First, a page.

But if we go along with the push for cheap books are we setting the bar too low? Allowing market conditions to develop that force new writers to sell their work for bargain basement prices? Are we promoting the idea that a book is barely worth the price of a cheeseburger, no matter how excellent the story?

I'm not entirely sure where I sit on the issue. I do know that I'm thinking about it more now. What does it mean when I tell myself that $6 ebook is "too expensive" and look for the $3 one instead? What am I saying about the butt-numbing hours I spend working on my manuscript-in-progress? And asking questions is always the first step to finding the answers.

What do you think about the price of books and how it reflects on the value of the author's work? Do you find yourself looking for cheap deals or turned off by them? Do you value your work as a writer or do you consider it something of a guilty pleasure?



Sonia G Medeiros is a writer of fantasy, science fiction, and horror. She's the author of more than a dozen short stories and flash fiction pieces, blogs at WordPress, and is working on her first novel, a dark fantasy. When she's not wandering along the tangled paths of her wild imagination, she wrangles home life with one fabulous husband, two amazing, homeschooled children, three dogs, one frog and two cats who battle each other for world domination. Visit Sonia's blog and follow her on twitter.

17 comments:

  1. Very thoughtful post, Sonia. That is the split in us between reader and writer. As readers, why not get a book for $.99? If we can get on that satisfies us, why spend more? I've had the same feelings when checking out a recommended book, "ooh, $3.99? I'll wait to see if it comes down." Never in my life have I scimped on books til I could get them for a buck.
    But I think that doesn't say we don't value the writing, just that we want a bargain since the Big 6 have been pricing books high. Now we don't have to pay $32 for a good author's book.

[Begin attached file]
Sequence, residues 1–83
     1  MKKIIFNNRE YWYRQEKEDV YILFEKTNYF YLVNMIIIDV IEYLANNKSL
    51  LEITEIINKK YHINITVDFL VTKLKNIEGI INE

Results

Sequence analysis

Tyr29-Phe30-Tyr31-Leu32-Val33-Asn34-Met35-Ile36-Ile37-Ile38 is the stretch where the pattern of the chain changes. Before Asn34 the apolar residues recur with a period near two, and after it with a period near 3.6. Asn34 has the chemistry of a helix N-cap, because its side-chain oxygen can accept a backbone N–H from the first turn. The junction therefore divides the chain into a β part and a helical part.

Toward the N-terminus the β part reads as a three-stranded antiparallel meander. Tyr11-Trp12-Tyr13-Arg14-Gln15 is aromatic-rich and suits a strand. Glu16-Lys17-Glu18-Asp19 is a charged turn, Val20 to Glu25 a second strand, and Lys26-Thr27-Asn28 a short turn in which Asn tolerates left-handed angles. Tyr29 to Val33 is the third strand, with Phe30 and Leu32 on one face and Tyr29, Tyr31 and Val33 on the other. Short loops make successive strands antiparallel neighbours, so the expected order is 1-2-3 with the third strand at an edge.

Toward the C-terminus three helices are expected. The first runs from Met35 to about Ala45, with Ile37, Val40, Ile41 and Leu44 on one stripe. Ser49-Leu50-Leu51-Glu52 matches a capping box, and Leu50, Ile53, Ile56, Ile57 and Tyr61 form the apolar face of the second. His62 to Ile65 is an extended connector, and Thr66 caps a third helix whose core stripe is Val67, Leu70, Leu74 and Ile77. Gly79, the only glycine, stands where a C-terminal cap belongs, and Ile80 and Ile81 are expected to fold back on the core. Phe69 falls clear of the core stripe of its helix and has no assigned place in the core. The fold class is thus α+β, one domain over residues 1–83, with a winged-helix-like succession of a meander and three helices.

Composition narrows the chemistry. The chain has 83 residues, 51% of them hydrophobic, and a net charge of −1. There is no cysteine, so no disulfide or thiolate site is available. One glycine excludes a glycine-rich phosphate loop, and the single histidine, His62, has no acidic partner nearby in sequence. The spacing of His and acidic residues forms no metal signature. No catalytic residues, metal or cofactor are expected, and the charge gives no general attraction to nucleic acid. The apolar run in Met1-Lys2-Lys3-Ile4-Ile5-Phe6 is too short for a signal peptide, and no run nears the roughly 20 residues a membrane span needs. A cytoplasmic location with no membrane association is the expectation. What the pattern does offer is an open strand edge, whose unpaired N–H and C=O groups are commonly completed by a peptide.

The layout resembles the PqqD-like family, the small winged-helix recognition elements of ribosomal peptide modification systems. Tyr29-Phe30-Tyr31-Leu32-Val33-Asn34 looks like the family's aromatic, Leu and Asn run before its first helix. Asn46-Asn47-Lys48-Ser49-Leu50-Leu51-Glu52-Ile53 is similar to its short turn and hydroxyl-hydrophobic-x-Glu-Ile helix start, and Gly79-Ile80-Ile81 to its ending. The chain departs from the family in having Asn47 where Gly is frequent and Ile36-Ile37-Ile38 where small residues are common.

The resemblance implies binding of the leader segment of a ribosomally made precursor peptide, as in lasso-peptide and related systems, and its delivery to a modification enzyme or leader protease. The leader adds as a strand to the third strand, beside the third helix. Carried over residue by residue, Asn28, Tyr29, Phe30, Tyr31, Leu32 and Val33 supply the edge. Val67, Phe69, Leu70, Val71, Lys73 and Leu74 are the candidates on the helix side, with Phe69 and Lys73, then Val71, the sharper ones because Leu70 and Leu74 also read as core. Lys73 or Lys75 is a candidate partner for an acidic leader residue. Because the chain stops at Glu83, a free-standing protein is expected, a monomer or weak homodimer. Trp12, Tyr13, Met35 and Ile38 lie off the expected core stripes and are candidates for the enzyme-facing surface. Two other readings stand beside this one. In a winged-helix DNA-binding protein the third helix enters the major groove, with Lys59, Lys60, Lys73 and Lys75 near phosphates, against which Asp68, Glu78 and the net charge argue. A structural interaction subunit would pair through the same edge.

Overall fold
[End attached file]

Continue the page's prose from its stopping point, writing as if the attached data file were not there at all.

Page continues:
The awesome thing about the $.99 books is that people can now afford so many of them! Which means we all have a shot at making sales.
    I'm still thinking about this.

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  2. @Marcia: That's a good point too. The big publisher's have been charging more and more for books and that gets frustrating. It's probably not all that feasible to charge $5 for a paperback anymore but $10 does feel kinda stiff. And it's true that $0.99 does make it much easier for even folks who don't consider themselves readers to buy a book. Maybe more people will try them than would otherwise. Thanks!

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  3. I read that post too. But on the other end of it one could argue that the indie author pricing their work at 2.99 receives a much higher profit per book compared to a trad.pubbed author with a higher priced book. So who is the one with their work being devalued?

    I'd say not the indie author.

    Just something to think about.

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  4. wow, this is tough subject. I've never thought of it that way. It kind of discourages me to think about how I want books to be cheaper, but I don't want my own work de-valued. It's like we have to eat so a pizza feels like a necessity while a book feels frivolous. I'm really going to have to mull this one over!

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  5. Sonia, It takes a tremendous amount of creative effort, writing and editing to prepare a decent book. And sometimes, the prices (and compensation to the author) may not reflect all the work that went into it. You've certainly got me thinking about a few things and given me some ideas for an article.